"DIPS?" She holds out the crust of her pizza toward my bowl. She wants to dip her crust into my salad dressing. I oblige. She dips the crust, eats it happily. Then she notices my salad contains…
"That one? That one?" She points at my olives. I scoop them out onto her plate. Then she wants my fork. I hand it over. She peers at my bowl, seeing what other delicious tidbits may be contained in this Bowl of Dips and she then decides to sample everything. She’s got the fork, after all. She spears lettuce, tomato, olives, feta.
"Mmmmmm!" She says, triumphant. "Dips!"
"Can I have some?" I ask.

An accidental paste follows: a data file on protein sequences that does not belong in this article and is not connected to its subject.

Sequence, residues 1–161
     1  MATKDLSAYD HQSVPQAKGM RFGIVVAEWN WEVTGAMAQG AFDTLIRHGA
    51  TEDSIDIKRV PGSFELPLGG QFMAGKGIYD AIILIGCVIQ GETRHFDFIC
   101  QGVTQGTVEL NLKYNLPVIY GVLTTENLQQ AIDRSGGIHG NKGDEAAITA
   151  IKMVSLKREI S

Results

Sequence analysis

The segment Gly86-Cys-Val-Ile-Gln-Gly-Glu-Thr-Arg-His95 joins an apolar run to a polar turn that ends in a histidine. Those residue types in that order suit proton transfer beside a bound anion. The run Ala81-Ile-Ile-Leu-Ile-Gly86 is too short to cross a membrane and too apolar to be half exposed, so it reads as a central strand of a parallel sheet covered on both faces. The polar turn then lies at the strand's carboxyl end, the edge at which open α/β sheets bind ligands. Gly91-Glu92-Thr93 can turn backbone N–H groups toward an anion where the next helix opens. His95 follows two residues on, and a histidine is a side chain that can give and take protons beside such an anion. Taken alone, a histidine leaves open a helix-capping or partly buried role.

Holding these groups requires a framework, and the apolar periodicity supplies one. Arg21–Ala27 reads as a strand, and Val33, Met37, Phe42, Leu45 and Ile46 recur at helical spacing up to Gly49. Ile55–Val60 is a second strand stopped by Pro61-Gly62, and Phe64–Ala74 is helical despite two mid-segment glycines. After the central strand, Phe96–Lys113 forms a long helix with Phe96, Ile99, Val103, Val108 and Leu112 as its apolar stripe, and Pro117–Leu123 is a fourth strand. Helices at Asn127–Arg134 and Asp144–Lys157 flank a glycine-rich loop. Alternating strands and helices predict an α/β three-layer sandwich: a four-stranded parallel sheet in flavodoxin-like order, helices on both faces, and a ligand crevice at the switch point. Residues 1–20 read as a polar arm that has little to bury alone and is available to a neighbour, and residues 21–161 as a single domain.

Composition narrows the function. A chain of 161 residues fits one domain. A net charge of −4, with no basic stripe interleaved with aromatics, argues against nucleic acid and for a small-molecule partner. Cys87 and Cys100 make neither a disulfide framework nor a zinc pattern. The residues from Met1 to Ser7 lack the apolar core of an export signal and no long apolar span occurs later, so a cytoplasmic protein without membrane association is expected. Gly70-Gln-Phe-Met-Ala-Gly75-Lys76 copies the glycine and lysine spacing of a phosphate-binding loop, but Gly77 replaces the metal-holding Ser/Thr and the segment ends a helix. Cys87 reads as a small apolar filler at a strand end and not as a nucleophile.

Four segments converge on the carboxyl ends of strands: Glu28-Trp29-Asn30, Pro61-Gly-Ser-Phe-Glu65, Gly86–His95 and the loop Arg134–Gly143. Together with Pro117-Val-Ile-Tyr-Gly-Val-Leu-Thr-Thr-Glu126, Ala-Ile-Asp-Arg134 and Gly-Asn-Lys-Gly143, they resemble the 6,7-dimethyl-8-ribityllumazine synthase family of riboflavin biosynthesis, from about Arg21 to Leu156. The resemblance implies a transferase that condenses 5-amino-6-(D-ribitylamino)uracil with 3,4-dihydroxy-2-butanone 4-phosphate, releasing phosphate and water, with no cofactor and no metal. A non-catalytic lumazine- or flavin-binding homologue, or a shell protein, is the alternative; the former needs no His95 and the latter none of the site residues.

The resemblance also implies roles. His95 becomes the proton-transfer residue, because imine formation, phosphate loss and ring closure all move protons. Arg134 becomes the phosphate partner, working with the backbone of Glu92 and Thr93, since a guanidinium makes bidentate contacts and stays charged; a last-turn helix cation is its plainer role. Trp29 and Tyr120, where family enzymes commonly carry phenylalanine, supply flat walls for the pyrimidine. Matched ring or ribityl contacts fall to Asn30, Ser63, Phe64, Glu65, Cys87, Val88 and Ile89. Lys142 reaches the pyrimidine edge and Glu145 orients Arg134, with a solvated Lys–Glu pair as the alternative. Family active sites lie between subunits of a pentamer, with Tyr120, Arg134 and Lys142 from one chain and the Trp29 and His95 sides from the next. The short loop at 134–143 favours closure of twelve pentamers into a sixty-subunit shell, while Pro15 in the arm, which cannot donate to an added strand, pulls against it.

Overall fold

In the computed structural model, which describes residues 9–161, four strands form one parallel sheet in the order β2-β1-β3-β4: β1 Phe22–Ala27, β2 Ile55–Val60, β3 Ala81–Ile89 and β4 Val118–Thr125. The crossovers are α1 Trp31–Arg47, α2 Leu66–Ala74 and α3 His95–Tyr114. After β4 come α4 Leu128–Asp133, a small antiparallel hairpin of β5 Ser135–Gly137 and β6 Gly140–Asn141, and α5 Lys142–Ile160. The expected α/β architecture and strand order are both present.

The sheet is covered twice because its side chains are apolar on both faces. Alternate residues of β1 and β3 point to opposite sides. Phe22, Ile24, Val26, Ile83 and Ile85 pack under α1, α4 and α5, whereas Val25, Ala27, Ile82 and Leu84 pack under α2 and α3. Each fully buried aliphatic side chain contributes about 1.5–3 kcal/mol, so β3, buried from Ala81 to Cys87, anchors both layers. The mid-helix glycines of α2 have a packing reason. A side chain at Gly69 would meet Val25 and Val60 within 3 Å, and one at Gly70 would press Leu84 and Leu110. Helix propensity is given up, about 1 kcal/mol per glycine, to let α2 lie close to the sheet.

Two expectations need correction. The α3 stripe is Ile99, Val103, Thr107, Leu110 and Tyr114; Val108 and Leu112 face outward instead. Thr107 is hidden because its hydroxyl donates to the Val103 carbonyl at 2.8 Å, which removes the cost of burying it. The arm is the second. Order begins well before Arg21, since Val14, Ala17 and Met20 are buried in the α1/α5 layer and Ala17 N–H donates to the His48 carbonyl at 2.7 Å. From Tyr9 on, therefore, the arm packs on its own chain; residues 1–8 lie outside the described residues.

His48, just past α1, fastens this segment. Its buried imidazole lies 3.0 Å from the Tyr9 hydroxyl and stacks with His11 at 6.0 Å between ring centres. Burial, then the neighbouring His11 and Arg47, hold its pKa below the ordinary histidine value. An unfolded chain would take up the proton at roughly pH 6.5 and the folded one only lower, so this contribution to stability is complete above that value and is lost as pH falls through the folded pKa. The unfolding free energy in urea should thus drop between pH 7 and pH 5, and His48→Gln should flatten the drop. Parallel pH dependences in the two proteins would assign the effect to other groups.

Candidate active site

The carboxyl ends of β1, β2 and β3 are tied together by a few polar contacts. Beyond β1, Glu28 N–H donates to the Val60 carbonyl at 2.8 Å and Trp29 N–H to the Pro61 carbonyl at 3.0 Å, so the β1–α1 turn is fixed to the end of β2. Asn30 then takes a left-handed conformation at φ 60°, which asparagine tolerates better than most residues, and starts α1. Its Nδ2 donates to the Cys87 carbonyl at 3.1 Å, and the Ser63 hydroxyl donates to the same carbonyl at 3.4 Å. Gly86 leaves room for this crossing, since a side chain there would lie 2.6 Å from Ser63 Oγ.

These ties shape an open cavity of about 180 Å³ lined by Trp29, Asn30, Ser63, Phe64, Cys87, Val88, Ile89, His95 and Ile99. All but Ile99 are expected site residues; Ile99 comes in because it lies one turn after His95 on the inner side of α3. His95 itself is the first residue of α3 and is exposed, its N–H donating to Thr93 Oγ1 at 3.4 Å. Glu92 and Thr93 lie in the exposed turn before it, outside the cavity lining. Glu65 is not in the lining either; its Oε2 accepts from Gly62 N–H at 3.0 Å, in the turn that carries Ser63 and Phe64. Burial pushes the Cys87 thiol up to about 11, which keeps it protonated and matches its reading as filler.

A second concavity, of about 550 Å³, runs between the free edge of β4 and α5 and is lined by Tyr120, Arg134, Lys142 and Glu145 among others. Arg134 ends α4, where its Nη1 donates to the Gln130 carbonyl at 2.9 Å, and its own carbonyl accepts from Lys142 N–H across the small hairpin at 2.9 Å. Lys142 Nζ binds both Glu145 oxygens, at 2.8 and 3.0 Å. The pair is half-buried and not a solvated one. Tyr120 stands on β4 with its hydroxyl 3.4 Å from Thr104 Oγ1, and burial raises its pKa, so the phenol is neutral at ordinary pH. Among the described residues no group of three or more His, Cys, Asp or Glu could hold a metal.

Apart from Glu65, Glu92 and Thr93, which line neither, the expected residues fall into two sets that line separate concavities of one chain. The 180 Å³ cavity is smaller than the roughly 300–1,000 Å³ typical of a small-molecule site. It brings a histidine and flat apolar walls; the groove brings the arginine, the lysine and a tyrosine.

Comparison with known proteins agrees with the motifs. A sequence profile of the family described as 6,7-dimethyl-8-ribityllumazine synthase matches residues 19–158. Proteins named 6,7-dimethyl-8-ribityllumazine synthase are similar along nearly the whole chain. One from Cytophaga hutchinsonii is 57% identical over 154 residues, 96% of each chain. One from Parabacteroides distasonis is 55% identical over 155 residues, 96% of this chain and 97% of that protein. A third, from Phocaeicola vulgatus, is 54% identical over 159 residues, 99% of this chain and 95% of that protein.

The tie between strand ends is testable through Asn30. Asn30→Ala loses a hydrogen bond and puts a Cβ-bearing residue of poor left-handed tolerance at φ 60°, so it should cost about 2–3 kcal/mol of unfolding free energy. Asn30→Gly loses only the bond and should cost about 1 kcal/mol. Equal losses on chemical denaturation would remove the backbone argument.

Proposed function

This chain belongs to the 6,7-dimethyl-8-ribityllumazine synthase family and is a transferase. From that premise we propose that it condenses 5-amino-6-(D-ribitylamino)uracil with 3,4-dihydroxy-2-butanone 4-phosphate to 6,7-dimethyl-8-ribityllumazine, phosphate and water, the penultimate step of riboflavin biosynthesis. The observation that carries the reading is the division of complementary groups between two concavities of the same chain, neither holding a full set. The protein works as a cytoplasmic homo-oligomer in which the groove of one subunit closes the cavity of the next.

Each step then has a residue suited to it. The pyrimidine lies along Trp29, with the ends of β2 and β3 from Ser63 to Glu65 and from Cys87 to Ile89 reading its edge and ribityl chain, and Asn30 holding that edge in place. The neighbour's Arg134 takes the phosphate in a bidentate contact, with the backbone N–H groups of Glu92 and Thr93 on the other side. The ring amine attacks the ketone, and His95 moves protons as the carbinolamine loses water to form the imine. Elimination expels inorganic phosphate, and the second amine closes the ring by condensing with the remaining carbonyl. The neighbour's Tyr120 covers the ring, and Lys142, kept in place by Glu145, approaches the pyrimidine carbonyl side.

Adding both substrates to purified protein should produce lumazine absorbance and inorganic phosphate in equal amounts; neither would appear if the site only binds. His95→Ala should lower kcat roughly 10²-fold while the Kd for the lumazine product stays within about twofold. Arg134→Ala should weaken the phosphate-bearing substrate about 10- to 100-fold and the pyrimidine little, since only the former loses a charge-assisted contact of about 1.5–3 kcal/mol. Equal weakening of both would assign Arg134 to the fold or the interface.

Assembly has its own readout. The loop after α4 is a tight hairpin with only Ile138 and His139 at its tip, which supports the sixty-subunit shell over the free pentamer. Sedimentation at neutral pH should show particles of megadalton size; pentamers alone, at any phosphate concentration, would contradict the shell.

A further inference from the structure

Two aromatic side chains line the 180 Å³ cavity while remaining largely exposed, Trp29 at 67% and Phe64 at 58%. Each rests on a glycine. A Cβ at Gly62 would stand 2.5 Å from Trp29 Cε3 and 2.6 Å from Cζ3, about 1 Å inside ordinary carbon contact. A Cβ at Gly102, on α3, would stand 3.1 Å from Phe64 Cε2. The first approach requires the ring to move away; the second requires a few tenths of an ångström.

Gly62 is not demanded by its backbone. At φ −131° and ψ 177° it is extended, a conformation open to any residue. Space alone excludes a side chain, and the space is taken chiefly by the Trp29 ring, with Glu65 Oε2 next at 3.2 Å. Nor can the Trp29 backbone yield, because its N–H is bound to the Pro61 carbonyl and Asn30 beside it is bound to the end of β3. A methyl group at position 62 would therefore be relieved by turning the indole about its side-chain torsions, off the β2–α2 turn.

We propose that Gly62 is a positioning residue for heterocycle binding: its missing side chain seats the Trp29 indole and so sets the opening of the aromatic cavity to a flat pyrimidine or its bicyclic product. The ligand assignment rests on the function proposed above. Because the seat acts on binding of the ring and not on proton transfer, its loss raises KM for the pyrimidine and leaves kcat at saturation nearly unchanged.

She hands me her half-gnawed slice of pizza.
When I dropped Iz off at daycare the other day, one of the teachers told me I had to see something. She goes over to the classroom iPod player thing and puts on What Does the Fox Say. Now, remember—it is about 7:50 AM. The other kids in the classroom are sitting at the table and eating breakfast. But when that song comes on, Isobel completely freaks.
She starts feeling the music in a way that I haven’t seen since the Let It Go from Frozen/MAMA’S A BUTTERFLY fiasco. She’s throwing herself around the room. She’s jumping. She’s doing interpretive dance. Hand motions, hair flips. And she’s singing the lyrics.
The other kids are still eating. Isobel is launching herself into the air yelling, “WAPAPOW POW POW.”
She takes a break from singing to focus on her dance moves, and then at the “your fur is red, so beautiful, like an—” part, she screams—at the top of her lungs—ANGEL IN DISGUISE.